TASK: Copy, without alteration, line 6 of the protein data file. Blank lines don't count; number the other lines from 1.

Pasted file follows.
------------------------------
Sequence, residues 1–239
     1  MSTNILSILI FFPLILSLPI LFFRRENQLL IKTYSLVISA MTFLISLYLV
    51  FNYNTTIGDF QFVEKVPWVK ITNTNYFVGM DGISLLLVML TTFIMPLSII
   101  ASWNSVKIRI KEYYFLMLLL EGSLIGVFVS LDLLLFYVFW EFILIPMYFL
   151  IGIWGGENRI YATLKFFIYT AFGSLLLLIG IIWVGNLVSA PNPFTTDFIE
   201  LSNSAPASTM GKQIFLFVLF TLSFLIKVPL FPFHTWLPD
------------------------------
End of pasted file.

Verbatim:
   201  LSNSAPASTM GKQIFLFVLF TLSFLIKVPL FPFHTWLPD